Coronavirus Information and Update: Fall 2021 Plans

December 07, 2020

Career Services Blog

Jobs in the Time of Corona: Should I apply to that job?

by Jessica Peterson, Career Services Graduate Assistant

Post-graduation life is a doozy in the best of times. After spending years doing the demanding work of attaining a degree, there are equally-felt senses of relief in finishing, pride in the accomplishment, and stress about finding a job.

Not just a job, though. Many people pursue some kind of higher education, including law degrees, precisely because they had been working a job—a job that they weren’t excited about, weren’t interested in, or that didn’t meet their needs. Or, they were repeatedly met with the classic scenario of needing the job to get experience, but needing experience to get the job. Or, seeing job postings in their chosen field for positions that they were confident they could do, but which required a certain level of post-undergraduate education they don’t yet have.

The list goes on.

It makes sense, then, that once a student completes their JD, they would be ready to wash their hands of all of these things. They are now qualified for the jobs they want, and they no longer have to settle, right? Also, surely there are legal jobs aplenty—job security is one of the reasons many people pursue law in the first place.

Unfortunately, the rules and expectations of the world pre-COVID don’t apply to our current reality, as we all keep learning time and again. Practically every industry and profession is taking a hit, so not only are the pre-existing challenges being exacerbated, there are new barriers to navigate as well.

With all this in mind, it is understandably frustrating—maddening, even—to not have many opportunities in a preferred practice area or specialization, or to see salaries that are lower than expected. The disappointment and stress surrounding these things is valid. It is not unreasonable to want a job that you are skilled in and passionate about, and to want to be paid well for it.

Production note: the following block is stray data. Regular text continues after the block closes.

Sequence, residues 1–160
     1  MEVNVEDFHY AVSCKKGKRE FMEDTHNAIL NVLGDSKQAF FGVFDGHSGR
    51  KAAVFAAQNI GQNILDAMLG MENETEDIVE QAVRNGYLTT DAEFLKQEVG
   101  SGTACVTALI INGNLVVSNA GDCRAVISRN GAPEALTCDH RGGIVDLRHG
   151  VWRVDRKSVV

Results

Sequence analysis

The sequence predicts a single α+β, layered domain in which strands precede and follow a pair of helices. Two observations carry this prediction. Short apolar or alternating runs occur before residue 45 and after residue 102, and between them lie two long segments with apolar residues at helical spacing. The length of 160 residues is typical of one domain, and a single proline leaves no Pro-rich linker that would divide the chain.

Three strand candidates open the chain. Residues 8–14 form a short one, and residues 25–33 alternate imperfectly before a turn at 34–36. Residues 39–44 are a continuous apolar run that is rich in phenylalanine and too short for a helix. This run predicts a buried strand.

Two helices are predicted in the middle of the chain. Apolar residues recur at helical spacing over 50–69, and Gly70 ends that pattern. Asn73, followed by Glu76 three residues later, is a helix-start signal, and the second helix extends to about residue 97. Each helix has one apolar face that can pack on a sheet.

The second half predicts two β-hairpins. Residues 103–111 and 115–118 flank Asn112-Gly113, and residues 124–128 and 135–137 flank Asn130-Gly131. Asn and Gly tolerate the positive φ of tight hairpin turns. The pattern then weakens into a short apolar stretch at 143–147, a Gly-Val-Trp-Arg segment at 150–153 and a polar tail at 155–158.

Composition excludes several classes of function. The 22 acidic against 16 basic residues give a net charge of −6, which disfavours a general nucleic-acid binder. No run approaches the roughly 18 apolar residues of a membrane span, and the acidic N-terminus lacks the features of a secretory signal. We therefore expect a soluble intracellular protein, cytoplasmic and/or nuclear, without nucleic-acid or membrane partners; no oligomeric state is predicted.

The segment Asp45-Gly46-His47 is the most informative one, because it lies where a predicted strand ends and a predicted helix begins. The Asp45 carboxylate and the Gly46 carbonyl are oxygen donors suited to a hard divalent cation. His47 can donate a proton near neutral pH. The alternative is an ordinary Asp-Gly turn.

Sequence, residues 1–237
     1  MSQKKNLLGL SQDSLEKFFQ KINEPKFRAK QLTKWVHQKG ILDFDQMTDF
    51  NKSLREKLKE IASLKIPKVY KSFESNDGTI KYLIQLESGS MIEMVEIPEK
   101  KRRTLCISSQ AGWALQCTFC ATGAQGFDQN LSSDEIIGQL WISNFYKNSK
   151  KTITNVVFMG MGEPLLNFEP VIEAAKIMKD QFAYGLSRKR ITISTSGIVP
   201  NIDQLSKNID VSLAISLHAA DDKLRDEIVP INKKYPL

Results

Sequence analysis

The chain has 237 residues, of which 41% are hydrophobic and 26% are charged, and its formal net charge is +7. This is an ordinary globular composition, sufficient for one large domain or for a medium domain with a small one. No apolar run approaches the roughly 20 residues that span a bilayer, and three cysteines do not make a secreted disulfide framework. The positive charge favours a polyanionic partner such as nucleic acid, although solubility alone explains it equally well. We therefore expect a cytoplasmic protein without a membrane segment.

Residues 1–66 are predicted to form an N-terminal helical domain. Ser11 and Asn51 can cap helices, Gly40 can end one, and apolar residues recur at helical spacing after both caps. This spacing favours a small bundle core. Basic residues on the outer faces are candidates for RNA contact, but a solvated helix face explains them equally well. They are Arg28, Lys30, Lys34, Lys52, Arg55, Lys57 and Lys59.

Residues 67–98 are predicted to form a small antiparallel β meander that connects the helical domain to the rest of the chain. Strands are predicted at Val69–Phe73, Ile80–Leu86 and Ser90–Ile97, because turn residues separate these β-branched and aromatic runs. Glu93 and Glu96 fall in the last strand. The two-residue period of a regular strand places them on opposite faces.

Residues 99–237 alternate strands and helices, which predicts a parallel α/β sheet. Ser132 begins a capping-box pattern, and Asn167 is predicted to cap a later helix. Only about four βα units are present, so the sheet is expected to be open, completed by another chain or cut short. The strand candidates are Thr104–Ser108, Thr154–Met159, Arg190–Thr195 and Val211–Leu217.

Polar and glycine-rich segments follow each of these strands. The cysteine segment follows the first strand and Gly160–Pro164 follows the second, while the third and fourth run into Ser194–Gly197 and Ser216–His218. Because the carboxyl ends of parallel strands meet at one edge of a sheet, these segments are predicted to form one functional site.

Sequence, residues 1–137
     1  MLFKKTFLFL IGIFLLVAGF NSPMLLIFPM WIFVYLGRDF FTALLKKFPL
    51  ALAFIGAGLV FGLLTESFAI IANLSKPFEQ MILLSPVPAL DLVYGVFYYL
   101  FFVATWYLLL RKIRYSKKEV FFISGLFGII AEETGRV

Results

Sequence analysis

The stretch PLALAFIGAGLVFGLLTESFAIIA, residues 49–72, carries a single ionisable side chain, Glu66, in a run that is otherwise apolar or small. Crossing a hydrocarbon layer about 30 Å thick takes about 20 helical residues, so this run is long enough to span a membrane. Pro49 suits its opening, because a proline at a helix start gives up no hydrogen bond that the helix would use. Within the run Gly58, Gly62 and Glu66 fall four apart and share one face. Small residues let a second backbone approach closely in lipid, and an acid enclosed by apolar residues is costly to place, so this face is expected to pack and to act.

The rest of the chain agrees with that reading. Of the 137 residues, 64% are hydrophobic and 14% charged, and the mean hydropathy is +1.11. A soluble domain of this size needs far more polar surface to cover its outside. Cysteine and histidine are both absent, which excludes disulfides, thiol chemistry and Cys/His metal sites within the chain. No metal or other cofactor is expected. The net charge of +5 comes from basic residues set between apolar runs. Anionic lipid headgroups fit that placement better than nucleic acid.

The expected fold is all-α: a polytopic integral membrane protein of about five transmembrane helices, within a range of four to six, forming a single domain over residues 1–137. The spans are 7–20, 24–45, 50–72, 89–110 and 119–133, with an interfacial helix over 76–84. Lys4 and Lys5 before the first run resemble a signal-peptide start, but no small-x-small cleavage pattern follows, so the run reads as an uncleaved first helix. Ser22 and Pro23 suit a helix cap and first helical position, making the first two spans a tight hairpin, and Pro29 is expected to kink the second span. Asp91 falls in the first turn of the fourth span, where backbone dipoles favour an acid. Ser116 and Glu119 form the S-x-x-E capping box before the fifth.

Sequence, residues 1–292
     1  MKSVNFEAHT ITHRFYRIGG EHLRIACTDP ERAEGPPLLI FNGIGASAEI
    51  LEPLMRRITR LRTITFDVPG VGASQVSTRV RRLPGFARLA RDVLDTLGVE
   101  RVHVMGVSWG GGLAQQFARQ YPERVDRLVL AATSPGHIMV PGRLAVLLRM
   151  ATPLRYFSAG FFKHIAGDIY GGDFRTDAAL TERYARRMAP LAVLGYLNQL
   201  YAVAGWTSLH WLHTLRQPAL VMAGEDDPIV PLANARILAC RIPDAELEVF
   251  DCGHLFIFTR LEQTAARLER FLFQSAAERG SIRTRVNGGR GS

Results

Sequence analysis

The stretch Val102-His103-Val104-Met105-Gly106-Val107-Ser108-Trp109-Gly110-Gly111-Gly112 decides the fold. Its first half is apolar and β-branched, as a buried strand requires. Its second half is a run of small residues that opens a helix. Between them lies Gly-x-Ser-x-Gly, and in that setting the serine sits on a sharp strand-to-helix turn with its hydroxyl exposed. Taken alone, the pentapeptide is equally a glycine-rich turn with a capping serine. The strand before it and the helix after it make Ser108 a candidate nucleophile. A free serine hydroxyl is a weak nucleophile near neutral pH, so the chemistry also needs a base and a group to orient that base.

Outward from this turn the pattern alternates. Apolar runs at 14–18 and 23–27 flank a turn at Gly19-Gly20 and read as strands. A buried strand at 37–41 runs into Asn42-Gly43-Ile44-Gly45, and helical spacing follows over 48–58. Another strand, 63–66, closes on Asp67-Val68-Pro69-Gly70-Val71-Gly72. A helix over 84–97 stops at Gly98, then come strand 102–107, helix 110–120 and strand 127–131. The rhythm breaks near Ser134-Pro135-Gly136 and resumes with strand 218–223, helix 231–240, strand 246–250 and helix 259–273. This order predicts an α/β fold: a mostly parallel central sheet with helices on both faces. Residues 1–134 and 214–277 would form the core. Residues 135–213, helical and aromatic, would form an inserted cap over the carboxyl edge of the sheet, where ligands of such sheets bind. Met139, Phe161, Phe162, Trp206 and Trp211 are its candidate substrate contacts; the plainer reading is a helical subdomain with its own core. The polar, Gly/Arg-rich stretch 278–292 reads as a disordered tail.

However, considering the messy, indefinite situation we are all currently in, it may be helpful to keep in mind that taking a job because you need one is not a sacrifice of your self-worth. It is not an insult to your abilities. It does not diminish your accomplishments. If anything, it is an act of self-care to prioritize your livelihood and ensure that you are able to meet your needs.

Also, no matter what the job is, there will be something valuable for you in the experience. Even if it feels like it’s not relevant to what you want to do, inevitably there will be an important connection, an enlightening experience, a new skill or practice area to dabble in, and different perspectives to learn from. You will learn something about yourself and your field at any place you work.

And hey, nobody said you can’t keep searching for jobs after you’ve landed one. You may even find that the search is far less discouraging when you’re already employed; rejections don’t feel as big of a blow, and you’ll find it easier to keep your momentum going. You will also have some experience under your belt, which will make you a stronger candidate.

So, while it may feel frustrating, try to incorporate these things into your outlook as you search for jobs:

  • You are not selling yourself short by applying for jobs out of need
  • Being able to provide for yourself will always make searching for jobs less overwhelming
  • Stay curious and open-minded about what you can get out of an experience
  • Continue to explore, network, and apply for other opportunities
  • There is always the option to advocate for yourself in your current position to get what you need
  • Accepting jobs that aren’t the best fit for you is a temporary (and valid) solution
  • Be patient, persistent, and kind to yourself during the process.

To return to our original question, should you apply to that job? Well, if the alternative is no job, then the likely answer is yes. Usually, doing something will always feel better than not; as Joan Baez said, “Action is the antidote to despair.”